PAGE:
If you're reading this letter, then the worst has happened. I assume Shaw killed me, or that I wasn't willing to listen to you this time when you no doubt told me to let go of whatever it was I needed to hold in order to defeat him.
In both cases, I apologize.
You tried so many times to convince me to talk about what we'd do once the fighting had stopped and Shaw was gone; this letter will be small comfort, I suppose, but I wanted to tell you, at last, that I had been thinking about it. That I had ideas of my own, and that I'd come to believe in some of yours.
With Shaw dead and peace gradually forming between humans and mutants, I wouldn't have been willing to go back to being even tangentially connected to a human government; for all her talents and abilities, I would have lobbied very hard for Miss MacTaggart's departure. I know that would have caused you some consternation, but I assure you, Charles, you are enough of a pacifying influence to convince even me to slow down and think before reacting to human attempts at regulation and intervention. I think anything short of an outright human-on-mutant assault would be something I'd listen to you about, and on that we would have to agree to disagree. You're the pen, Charles; I'm the sword. I know you've often argued that I'm more than that, but today and tomorrow, that is my nature. Change, if it comes, will happen slowly. At your side.
On our own, then: what next?
My hopes were always to find more of us, and bring us out of the darkness we all struggle with under the power of humans who care little for us and understand less. The time we spent in training demonstrated this much: teaching and learning can be powerful things. I would have liked to find more mutants with you, and recruited people capable of becoming their teachers-- you can't be expected to take on that job alone. I suppose my willingness to push harder could have made me worthwhile as a teacher too, but if I'm honest, I'd have been learning from the students as much as they learned from me.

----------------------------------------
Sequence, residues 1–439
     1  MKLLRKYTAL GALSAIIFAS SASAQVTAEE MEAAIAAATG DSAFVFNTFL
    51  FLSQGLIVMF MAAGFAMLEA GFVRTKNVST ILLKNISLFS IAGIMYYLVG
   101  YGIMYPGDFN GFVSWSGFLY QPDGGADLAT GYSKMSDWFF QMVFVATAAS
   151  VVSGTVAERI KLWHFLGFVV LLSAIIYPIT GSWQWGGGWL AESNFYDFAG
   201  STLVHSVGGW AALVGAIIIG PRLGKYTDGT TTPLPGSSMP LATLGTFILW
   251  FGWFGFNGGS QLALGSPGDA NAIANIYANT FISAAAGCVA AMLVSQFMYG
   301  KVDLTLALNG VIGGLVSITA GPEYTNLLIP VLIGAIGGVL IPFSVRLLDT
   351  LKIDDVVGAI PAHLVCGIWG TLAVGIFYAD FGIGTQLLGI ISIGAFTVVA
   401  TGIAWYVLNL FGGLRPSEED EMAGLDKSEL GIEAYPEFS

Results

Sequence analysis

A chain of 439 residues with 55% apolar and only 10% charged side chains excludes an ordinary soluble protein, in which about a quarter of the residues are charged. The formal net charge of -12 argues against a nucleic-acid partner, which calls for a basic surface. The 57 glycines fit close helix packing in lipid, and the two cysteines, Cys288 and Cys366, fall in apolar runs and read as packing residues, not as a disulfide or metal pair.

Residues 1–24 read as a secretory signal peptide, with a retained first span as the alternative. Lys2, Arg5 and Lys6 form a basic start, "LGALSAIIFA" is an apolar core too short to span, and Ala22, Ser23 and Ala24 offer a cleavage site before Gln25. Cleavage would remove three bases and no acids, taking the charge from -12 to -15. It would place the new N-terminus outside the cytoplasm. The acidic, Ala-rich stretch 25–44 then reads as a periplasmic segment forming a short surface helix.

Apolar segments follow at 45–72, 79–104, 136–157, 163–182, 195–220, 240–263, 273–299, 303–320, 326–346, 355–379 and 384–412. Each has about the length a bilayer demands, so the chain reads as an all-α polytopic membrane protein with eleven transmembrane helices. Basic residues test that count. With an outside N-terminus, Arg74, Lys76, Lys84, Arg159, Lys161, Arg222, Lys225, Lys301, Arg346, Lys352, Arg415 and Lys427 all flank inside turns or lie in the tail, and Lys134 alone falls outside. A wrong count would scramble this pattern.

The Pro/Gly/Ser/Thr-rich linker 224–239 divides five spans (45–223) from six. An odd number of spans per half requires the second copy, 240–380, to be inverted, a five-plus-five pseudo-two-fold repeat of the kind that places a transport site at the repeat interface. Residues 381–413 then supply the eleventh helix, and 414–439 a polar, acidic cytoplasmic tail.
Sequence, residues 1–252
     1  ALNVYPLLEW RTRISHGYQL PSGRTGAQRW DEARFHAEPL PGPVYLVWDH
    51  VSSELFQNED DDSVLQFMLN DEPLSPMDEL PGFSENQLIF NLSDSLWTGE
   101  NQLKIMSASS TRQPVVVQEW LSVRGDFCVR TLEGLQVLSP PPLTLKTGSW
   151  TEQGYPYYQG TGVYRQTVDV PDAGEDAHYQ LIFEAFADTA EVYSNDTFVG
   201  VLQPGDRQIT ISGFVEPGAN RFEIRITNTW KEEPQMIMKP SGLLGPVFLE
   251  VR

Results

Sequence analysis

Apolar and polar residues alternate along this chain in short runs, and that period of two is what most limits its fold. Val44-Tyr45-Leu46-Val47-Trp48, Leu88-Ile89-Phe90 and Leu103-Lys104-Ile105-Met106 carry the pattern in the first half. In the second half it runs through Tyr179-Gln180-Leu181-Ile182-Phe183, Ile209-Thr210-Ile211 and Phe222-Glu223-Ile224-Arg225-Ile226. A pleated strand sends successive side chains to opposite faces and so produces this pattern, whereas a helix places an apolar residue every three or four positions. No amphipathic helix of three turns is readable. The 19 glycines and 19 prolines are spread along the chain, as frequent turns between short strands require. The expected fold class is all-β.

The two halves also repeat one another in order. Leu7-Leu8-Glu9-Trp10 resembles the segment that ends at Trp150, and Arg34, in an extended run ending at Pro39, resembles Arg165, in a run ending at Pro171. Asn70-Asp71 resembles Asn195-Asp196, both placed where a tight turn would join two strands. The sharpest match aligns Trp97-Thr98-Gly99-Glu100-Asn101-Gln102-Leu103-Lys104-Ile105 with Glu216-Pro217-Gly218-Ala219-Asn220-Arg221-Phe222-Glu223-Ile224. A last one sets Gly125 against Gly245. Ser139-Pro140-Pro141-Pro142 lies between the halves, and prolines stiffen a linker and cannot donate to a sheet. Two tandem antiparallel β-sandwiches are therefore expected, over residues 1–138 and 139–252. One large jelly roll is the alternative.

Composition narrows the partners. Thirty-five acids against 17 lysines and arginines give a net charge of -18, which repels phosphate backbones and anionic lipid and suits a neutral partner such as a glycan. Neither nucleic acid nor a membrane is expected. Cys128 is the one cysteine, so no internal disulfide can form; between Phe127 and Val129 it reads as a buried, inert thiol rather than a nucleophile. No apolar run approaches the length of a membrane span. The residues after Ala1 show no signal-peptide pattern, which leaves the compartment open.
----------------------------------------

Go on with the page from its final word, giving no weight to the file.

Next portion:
I'd like to think that, in time, I could have convinced you to listen as much as talk. Perhaps to recognize my fears and concerns about the humans, even as you held onto your hope that they'd come around to seeing us as allies to be treated with instead of threats to be studied.
It seems we don't have that time after all, and for that as well, I can only apologize and offer my regrets.
As for the rest... you read my mind tonight, as much as I could allow, and I know I don't have to tell you all the things you've made me feel. I had no idea I could feel that way again, but as I'm dead now there's nothing to be gained by leaving it unsaid.
I love you, and you brought me closer to happiness in these last few months than I've ever been. Thank you, Charles. Don't forget me.
As I lie here in recovery, staring up at the ceiling and trying to convince myself to do all the therapeutic exercises I'm meant to (what point is there, I've asked; I'm not expected to walk again), I have read and re-read your last letter to me, and can only wonder:
Damn you, Erik. Did you mean none of that?
Come home. I can't promise all is forgiven, but I can promise that every day you stay away and persist in this absurd "Brotherhood of Evil Mutants" of yours (I notice you didn't replace the news agencies' title with one that lacks the word 'Evil'; were you attempting to be ironic, or have you decided the lines are well and truly crossed?), you drive more of a wedge between our ideals.
I've hand-copied your letter and am enclosing it; look at what you wrote and try to remember the man you wanted to be, not the man you believe you were forced to become.
I love you, too, you selfish bastard. It isn't too late.